So there's that arrow that connects the 60s counterculture to distrust of authority. I'm reminded of something David Brin said about distrust of authority. Every generation thinks it invented it.
Anyway, I think the 60s counterculture had more to do with rejection of authority than distrust of authority. They totally trusted Eugene McCarthy, didn't they?
This is a false analogy. You can be a believer in God when you're five years old and haven't read any relevant arguments due to childhood indoctrination that happens in every home. You might even believe in income redistribution when you're five years old if your parents tell you that it's the right thing to do. I'm pretty sure nobody teaches their children about UFAI that way. You'd have to know the arguments for or against UFAI to even know what that means.
"Nothing exists in contradiction to nature, only in contradiction to what we know of it." - Dana Scully, The X-Files
David Icke thinks Barack Obama and many other prominent politicians are reptiles and that there's a reptilian conspiracy going on. He has written many books about this, and seems to take all of that pretty seriously. Should I be reading his books, instead of something that is more likely to be true?
Didn't think about that. But this actually makes a lot of sense. This is the only way you can believe in those things. You completely ignore reason and take it all on faith.
I don't know what actual Christians believe, but how could this be when god cursed that the snake would have to crawl on its belly for the rest of its days ("on your belly you shall go"), and yet later in the New Testament Satan walks with Jesus on earth to tempt him to idolatry with the offer of the kingdoms?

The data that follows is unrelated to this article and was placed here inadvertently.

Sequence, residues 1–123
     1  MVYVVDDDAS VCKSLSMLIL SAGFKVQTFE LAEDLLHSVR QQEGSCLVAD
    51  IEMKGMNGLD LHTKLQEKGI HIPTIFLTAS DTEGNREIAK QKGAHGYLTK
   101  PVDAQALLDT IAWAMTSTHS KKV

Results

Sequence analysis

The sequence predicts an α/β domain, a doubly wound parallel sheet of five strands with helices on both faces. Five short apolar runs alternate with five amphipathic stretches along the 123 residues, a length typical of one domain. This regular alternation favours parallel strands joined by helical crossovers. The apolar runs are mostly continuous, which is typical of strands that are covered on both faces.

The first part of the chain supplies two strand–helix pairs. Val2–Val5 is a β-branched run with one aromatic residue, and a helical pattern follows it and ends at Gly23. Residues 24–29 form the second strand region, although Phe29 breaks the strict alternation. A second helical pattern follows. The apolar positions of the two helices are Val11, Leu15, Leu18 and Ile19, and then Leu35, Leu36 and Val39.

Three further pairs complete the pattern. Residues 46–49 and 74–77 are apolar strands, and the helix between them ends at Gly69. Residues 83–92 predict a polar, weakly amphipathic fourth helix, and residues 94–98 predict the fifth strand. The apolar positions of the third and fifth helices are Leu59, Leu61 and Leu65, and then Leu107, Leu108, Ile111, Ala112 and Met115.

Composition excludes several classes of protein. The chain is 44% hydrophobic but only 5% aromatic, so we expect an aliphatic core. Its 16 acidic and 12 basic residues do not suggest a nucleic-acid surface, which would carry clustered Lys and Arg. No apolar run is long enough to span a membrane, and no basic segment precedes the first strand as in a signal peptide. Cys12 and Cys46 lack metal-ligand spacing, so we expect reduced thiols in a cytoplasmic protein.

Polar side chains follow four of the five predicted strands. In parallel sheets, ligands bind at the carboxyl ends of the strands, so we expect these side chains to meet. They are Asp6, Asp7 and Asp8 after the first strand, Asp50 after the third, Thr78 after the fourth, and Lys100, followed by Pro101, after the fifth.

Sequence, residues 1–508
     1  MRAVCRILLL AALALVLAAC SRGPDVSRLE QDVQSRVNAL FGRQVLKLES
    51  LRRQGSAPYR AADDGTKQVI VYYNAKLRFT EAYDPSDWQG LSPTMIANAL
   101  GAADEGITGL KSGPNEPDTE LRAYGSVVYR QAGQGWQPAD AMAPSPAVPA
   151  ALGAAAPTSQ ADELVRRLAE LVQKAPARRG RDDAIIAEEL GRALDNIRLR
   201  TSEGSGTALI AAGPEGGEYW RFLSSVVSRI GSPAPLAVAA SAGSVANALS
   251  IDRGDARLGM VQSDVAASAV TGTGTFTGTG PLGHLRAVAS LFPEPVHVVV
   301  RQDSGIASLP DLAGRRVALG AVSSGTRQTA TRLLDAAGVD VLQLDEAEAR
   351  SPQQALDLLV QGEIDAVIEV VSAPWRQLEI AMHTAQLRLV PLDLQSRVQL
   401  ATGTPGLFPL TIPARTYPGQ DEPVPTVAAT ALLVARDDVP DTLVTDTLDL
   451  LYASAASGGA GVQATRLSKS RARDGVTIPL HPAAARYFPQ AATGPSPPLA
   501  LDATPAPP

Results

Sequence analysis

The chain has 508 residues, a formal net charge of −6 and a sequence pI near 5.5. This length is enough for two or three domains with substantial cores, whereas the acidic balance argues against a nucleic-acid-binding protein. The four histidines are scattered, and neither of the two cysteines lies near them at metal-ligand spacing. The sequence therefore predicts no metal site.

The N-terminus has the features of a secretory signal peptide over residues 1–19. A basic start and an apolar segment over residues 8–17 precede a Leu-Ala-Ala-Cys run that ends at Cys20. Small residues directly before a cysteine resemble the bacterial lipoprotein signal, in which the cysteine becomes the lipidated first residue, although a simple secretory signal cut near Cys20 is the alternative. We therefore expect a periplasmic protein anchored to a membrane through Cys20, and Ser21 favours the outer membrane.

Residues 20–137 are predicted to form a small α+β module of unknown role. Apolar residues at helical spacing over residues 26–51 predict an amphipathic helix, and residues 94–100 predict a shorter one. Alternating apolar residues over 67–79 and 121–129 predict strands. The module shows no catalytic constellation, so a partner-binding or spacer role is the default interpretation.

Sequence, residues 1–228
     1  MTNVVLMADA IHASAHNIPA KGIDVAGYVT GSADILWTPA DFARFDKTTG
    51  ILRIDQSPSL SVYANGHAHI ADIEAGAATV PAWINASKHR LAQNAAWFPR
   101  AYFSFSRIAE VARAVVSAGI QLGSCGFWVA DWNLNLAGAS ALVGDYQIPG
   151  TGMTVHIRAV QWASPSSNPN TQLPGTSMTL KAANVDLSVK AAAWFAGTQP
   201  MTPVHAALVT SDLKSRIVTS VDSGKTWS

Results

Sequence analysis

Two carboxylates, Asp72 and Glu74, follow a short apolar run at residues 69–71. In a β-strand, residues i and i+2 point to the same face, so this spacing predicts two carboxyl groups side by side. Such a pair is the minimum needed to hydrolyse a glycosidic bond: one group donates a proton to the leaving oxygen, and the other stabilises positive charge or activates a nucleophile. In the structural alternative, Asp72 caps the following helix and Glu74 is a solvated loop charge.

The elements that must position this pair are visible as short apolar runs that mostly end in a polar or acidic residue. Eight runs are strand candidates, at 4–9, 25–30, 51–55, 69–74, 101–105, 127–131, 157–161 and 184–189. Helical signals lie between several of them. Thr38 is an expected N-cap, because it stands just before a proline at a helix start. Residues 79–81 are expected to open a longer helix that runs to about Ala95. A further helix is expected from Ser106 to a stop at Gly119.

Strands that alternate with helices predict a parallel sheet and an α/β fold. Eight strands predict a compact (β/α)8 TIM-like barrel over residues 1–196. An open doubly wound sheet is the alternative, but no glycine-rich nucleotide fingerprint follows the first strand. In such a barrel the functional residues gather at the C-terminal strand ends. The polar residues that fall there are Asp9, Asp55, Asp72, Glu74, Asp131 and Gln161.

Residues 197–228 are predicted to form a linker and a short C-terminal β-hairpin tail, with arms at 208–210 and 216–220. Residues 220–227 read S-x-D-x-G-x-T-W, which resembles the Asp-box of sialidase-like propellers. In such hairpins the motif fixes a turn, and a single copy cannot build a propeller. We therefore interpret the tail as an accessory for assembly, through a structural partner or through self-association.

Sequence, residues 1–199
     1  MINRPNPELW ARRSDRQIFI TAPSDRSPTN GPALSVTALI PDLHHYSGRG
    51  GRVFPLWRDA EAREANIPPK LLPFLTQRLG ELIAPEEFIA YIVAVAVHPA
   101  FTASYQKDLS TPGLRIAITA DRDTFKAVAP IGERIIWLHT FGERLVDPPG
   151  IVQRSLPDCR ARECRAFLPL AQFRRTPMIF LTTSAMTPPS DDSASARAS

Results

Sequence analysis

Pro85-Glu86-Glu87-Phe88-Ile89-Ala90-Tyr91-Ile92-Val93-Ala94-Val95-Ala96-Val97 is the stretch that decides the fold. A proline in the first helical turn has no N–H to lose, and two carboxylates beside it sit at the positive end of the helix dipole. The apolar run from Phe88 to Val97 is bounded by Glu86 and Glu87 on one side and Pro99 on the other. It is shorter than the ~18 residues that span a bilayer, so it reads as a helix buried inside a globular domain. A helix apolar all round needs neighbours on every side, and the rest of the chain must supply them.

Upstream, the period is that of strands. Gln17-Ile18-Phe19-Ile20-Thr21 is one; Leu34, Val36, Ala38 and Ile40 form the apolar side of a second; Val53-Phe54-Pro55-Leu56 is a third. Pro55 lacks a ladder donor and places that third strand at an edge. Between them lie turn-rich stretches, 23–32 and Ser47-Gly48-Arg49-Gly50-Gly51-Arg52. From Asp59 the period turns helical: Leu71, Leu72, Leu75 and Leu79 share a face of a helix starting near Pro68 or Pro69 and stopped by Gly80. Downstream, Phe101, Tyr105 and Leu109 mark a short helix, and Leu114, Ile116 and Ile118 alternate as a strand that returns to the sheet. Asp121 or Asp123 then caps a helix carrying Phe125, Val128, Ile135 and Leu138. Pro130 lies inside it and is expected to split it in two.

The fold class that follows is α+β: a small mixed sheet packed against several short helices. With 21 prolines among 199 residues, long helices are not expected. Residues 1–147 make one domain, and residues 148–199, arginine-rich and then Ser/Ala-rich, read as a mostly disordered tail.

Besides, if it's Satan, why punish snakes instead?
I haven't talked about this with an actual Christian, but it seems to me that an erudite Christian won't hold this view that the snake was Satan, especially when you can get rid of the contradiction by saying the snake was not Satan.
I'm not American, so I could be wrong about this. But at first glance it seems to me that Republicans have to run two vastly different campaigns, one in the primaries and the other in the general election, while Democrats could run pretty much the same campaign in the primaries as well as the general election. It seems to me that people like Rand Paul and Ted Cruz would have to get called flip-flops if they were to run for presidency in 2016 while Hillary Clinton would be able to run just one campaign.
Am I wrong, or is the Democratic party just larger than the Republican party and therefore more mainstream?
Jim Crowe laws were there up until 1965, two decades after the war. If there really was such an over-sensitization, this wouldn't be the case. Clearly, they weren't sensitized enough. You'd have a hard time linking this to WWII.
What are the examples you can give of such excessive tolerances and aversion to distinguish groups of people based on factual differences without resorting to generalizing, and instead judging each individual separately? In my opinion, it's very hard to be over tolerant. It's clear as day that George Zimmerman wouldn't have shot that kid dead if he was white. Even if it is true that black men have a predisposition to violence, that doesn't mean the kid deserved the bias against him.
I think it is this thought that drives the anti-discrimination political movement. It's the idea that people are more than members of their races. More than the WWII, it's just how the rise of individuality in the Western world would go forward. This also explains why Russia is still rampantly discriminating against all sorts of people, be it women, or gays, or minorities. They were involved in the WWII too, but clearly it hasn't caused any over-sensitization.
Other than that, there's the more obvious fact that among the people who are against Affirmative Action, Immigration, Disparate Impact Doctrine etc. are people like Pat Buchanan, who clearly doesn't have the best interests of protected groups in his heart. So you can't blame people for trying to be excessively tolerant so that they can counter the people who are excessively intolerant.